However, the cultural attache at the embassy shared with me the happy news that Alphonse Mucha's masterpiece, the Slav Epic, will go on display in Prague next year, just 84 years after Mucha donated it to the city.

For those who only know Mucha for his art nouveau posters, the Slav Epic was Mucha's most important and meaningful work: 20 huge patriotic murals of key moments from the history of the Slavic people.

Mucha posing in front of two of his murals
In times of trouble and uncertainty, Mucha "wanted to talk in my own way to the soul of the nation," reminding them of their proud heritage and the heroism and sacrifice of their ancestors.

The origin of the Slavic homeland around 200 - 300 AD: peaceful Slav farmers flee invading Goths (seen galloping away from the burning village with their loot).  As the young Adam and Eve of the Slavs escape, a holy man with outstretched arms implores the gods for mercy.
Mucha's reference photo for the holy man
"The Celebration of Svantovit: When Gods Are At War, Salvation Is In The Arts."  The earliest Slavic center of civilization from 700-900 AD was centered around the shrine of Svantovit (later destroyed by Danish warriors in the 12th century)  The Introduction of the Slavonic Liturgy: Praise The Lord in Your Native Tongue 
"After the Battle of Grunwald: The Solidarity of the Northern Slavs." Here we see the first great defeat of the previously invincible Teutonic Knights, demonstrating the rising power of the Slavic empire. "After the Battle of Vitkov: God Represents Truth, Not Power"
"Peter Chelcicky at Vodnany: Do Not Repay Evil With Evil." A famous Slavic pacifist implores the victims of a Hussite raid not to become too caught up in revenge.  "The Defense of Sziget by Nikola Zrinski: The Shield of Christendom"
Mucha presented his murals to the city of Prague in 1928, but some criticized them as old fashioned and nationalistic.  By 1933 the canvases were rolled up and placed in storage, and Mucha's hopes for his native land seemed farther and farther away.  In 1939 the Nazis invaded Czechoslovakia and the gestapo arrested the aging artist.  He died shortly after his release.  The Slav Epic murals were stored away in a basement that flooded, damaging the paintings.  After many years, the canvases were retrieved and restored, and were put on display in 1968 in southern Moravia.  In 2012, these lovely works will return to Prague where they will be displayed with the honor and dignity they deserve.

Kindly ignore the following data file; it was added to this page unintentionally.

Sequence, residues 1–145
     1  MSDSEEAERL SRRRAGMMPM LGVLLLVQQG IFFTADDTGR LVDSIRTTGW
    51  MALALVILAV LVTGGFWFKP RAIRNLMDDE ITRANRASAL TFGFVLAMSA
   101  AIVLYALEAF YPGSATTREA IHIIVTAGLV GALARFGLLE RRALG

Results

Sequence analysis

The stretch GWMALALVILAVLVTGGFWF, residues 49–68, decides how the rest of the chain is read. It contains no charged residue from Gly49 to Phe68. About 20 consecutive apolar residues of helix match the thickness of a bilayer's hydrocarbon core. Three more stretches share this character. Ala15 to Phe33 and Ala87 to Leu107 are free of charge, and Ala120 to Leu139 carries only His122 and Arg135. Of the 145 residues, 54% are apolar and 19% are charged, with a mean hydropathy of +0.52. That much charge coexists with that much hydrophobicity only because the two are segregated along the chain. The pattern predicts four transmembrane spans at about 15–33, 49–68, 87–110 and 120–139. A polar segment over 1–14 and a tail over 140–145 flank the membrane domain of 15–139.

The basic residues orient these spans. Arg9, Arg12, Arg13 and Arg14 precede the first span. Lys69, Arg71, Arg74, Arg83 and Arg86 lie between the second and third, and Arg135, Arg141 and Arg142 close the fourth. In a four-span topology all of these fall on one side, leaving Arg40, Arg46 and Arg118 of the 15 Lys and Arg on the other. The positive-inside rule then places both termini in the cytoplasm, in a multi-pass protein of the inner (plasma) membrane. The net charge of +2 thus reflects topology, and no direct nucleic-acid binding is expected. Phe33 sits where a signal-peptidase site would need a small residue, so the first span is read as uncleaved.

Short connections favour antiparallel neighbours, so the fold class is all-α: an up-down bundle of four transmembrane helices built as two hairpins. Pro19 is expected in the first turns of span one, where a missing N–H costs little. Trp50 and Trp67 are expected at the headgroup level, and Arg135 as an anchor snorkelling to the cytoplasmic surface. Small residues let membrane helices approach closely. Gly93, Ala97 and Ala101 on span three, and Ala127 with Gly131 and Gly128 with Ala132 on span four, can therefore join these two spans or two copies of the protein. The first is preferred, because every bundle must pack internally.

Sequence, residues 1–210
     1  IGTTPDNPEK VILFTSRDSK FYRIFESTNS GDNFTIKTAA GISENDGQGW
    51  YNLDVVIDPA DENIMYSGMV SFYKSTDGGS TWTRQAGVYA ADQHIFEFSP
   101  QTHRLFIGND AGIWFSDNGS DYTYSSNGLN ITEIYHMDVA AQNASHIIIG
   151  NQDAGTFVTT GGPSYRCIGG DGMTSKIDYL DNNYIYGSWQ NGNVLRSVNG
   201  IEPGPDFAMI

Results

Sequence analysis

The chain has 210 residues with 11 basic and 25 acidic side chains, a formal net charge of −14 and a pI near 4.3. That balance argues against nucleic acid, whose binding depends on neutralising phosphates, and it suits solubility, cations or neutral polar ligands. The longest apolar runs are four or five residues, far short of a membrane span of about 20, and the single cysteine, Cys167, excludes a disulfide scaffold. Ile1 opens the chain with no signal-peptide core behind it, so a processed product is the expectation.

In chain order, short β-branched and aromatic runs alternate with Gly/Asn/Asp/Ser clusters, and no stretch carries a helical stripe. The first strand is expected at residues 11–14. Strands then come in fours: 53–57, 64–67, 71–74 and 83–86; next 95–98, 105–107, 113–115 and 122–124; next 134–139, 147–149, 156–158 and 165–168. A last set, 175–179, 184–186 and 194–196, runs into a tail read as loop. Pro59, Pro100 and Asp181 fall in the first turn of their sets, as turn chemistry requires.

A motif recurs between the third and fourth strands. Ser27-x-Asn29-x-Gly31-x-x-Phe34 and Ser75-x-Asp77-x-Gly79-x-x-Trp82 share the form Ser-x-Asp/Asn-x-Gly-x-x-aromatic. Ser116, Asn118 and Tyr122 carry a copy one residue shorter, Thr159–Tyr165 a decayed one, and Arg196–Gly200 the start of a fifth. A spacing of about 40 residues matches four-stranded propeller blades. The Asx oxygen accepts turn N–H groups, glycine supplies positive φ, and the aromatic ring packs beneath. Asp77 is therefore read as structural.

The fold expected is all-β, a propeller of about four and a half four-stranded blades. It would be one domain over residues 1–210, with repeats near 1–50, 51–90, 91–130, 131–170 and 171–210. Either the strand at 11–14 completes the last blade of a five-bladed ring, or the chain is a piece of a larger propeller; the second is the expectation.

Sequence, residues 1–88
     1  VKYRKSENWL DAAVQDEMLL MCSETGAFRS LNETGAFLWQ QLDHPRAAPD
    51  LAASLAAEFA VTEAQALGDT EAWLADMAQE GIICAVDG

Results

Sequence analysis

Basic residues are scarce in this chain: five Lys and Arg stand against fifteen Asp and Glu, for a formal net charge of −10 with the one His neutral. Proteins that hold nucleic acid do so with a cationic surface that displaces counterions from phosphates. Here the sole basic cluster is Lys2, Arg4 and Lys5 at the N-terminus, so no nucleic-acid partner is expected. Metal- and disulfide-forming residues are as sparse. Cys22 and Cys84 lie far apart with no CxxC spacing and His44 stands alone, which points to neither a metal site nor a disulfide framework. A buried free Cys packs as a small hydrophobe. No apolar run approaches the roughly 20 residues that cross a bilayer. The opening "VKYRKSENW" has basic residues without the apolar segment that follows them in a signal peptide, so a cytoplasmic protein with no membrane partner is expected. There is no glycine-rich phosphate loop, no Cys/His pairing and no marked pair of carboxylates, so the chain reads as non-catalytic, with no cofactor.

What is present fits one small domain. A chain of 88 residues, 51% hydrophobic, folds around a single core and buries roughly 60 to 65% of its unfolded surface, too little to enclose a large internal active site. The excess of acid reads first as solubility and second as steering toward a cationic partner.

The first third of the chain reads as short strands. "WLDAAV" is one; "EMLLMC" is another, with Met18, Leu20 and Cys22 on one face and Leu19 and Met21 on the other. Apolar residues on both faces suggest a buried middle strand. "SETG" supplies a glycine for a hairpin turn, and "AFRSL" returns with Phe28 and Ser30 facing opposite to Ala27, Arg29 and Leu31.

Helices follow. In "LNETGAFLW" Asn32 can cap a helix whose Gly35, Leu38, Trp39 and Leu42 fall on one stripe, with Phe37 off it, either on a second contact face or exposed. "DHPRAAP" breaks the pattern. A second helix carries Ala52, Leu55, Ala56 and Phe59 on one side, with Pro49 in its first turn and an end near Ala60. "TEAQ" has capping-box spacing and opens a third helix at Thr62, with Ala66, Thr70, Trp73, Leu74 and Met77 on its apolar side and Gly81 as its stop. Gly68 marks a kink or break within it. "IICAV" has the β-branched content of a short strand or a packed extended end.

"The Abolition of Serfdom in Russia: Work in Freedom is the Foundation of a State"
I think Mucha's accomplishment was an act of courage comparable to the accomplishments he was celebrating.  He put aside his commercially successful decorative art to make a lasting statement about the spirit of his country. He originally planned to make each painting approximately 20' x 26' but war, political repression and economic hardship repeatedly forced him to change his plans.  After his first few paintings, the Belgian factory which manufactured the oversized linen was occupied by the German army and converted to military use.  Mucha switched to painting on sailcloth from Scotland, and later was forced to reduce the size of the last murals.  Still, he persisted.  The Czech avant garde artistic community ridiculed his work as a "monstrosity of spurious artistic and allegorical pathos which, if exhibited permanently could harm the taste of the public."  His murals were nearly confiscated during World War I for their "Czech patriotic content" and he made plans to bury them in the woods to protect them.  The work was frowned upon by Nazis in World War II and by communist occupiers in the postwar era. 

Time and again, Mucha was presented with obstacles but he persisted and left behind an important work of art.

"Jan Amos Komensky: A Flicker of Hope."  A religious exile dies in his chair by the sea, looking out at eternity and thinking about returning to his beloved homeland.


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I have actually been to the location in the photograph above by Kevin Kunstadt and he somehow captured the entire mood and aura invoked by that place. The same can be said for all the rest of the images in his book.

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Chinese illustrator Qian Yi is generating some downright beautiful digital and traditional paintings at a rate that belies a serious talent not just as a digital artist or illustrator but a contemporary one.

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There are some quiet and contemplative moments happening in the Flickrstream of ‘Shtroxy‘. They are like little snippets from past memories or dreams. Some of them are light and some are dark. She has a great eye for composition and I would be curious is these are staged or just captured on the fly.

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This is the oficial video for Matta’s recent single release titled ‘Release The Freq” off the forthcoming album ‘Prototype’. Direction, Design, Cinematography, Editing, 3D & Animation by Kim Holm.